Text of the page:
For more information on likely letters and how colleges use them as part of their admissions strategy, see this great article in the Yale Daily News

About the Authors:

Alison Cooper Chisolm heads the college admissions consulting practice at Ivey Consulting. She came to private consulting after working in admissions for more than 10 years at three selective universities (Southern Methodist University, University of Chicago, and Dartmouth College).

Anna Ivey is the former Dean of Admissions at the University of Chicago Law School and founded Ivey Consulting to help college, law school, and MBA applicants navigate the admissions process and make smart choices about higher education.

You can find more college admissions tips in their book How to Prepare a Standout College Application (Wiley 2013), and follow them on Twitter and Facebook

About the 52 Weeks to College Series:

52 Weeks to College is a week-by-week plan for applying to college. It breaks this complex and difficult project down into weekly to-do lists with supporting tips and tricks for getting it all done. Based on the Master Plan for applying to college found in our book, How to Prepare a Standout College Application52 Weeks to College is designed for any applicant who intends to apply to top U.S. colleges. For those of you who are just discovering the 52 Weeks series and want to catch up, click here.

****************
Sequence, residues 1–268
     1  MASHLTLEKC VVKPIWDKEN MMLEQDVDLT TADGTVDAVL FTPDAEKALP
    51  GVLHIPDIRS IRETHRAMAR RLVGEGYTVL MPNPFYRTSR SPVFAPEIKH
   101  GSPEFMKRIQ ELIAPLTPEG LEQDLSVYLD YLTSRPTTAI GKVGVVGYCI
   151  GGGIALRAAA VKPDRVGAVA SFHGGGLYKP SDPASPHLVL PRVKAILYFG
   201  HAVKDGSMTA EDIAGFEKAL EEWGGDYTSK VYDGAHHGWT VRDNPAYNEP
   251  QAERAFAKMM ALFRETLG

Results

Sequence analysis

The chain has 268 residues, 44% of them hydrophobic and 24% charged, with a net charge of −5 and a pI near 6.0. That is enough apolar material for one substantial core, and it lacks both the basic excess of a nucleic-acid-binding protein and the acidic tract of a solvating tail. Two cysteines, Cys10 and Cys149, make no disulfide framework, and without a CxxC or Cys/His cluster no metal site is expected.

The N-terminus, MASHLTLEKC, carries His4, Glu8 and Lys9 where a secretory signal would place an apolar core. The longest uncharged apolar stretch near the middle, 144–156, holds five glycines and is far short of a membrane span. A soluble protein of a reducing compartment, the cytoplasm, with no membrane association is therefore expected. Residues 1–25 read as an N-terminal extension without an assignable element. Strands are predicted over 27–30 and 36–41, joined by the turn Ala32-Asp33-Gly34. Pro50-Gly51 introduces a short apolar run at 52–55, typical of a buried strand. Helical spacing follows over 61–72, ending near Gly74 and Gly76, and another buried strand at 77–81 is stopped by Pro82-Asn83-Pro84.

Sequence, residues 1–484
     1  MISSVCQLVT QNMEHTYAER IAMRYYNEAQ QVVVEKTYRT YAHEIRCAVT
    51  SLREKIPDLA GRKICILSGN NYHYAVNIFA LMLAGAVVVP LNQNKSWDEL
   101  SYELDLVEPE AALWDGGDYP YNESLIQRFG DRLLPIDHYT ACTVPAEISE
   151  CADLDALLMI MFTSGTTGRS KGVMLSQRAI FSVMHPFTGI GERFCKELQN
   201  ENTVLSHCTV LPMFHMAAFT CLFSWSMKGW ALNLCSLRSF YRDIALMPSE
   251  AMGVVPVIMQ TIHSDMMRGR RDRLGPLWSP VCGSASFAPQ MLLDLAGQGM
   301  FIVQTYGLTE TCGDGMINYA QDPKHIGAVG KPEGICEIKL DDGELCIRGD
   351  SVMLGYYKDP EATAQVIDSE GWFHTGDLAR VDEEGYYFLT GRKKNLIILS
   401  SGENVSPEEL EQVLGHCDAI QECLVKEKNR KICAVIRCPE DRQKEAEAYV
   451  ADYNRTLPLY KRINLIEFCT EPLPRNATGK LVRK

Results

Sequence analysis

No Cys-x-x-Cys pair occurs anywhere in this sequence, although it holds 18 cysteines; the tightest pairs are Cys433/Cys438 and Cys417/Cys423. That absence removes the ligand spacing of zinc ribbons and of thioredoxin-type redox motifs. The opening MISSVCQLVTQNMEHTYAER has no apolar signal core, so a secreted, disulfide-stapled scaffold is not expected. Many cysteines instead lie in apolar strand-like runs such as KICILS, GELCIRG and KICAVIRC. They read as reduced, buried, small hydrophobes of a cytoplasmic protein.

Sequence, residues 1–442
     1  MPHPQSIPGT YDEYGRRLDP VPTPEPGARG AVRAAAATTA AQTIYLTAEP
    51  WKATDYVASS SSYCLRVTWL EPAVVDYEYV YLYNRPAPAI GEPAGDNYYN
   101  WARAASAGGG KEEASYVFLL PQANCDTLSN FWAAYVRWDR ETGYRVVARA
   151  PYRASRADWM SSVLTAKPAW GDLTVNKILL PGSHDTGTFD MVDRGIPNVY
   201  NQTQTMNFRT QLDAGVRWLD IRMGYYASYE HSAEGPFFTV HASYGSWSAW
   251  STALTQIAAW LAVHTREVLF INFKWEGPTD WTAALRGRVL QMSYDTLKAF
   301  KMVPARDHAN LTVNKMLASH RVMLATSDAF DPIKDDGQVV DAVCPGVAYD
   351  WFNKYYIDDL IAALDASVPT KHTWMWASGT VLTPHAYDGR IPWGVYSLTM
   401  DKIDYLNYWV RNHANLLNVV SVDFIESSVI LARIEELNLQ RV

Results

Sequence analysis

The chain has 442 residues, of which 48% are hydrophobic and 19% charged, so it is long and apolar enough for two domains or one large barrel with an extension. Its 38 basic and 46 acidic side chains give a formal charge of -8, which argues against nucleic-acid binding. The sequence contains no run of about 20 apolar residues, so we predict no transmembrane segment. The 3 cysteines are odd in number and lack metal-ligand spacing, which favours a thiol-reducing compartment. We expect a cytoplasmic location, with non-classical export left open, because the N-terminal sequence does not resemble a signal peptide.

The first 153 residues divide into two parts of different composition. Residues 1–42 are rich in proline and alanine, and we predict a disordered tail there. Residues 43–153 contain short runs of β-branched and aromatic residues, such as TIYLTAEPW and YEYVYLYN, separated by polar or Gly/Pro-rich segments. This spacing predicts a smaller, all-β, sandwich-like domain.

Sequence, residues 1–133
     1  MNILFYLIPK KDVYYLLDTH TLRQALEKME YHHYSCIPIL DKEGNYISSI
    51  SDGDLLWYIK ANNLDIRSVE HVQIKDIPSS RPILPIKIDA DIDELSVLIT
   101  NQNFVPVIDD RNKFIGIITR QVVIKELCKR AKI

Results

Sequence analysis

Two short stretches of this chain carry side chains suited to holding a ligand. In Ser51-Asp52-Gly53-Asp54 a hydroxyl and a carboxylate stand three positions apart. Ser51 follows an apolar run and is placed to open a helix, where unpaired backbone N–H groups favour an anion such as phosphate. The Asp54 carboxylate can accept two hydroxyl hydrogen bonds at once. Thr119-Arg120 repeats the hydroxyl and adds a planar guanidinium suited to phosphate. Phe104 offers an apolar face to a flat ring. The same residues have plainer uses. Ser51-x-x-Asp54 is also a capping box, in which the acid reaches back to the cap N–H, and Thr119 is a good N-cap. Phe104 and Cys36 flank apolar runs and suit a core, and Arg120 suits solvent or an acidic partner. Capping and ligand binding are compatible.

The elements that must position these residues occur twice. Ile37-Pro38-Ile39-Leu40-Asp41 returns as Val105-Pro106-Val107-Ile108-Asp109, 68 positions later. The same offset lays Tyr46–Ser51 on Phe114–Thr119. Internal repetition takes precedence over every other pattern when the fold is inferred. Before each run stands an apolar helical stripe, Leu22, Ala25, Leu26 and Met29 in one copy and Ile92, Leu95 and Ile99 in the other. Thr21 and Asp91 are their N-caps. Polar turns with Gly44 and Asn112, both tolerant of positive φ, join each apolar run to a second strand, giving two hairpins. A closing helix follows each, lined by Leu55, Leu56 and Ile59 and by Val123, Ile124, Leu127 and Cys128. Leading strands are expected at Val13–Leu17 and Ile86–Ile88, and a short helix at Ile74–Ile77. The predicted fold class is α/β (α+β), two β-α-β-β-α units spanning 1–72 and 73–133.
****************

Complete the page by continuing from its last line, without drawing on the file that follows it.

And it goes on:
February 9, 2015

Good News for February LSAT Takers

What a glorious week all you February LSAT takers are waking up to. Exhausted, curled up, wrung out? Take heart, you could be these people over in Boston:

Twitter: @OnlyInBOS

Here's some of the best news, though. For many years I've been banging the drum to apply EARLY, EARLY, EARLY in the admissions cycle. Recently, though, it's been more of a finger tapping. 

Many people who submitted their applications last fall are already getting acceptances, so that hasn't changed, and that's a nice bonus for them. But the good news for you, dear Februaries, is that there's never been a better time to be applying late in the cycle.

Many law schools are in wait-and-see mode as application volume has dropped like a stone for several years. The result is that many people who applied early in the cycle are going to be hanging out on waitlists while schools see what applications still come in. That's true whether a school calls it an official waitlist or not. The reality is that many applicants aren't going to get a final yes or no answer until the summer or even early fall.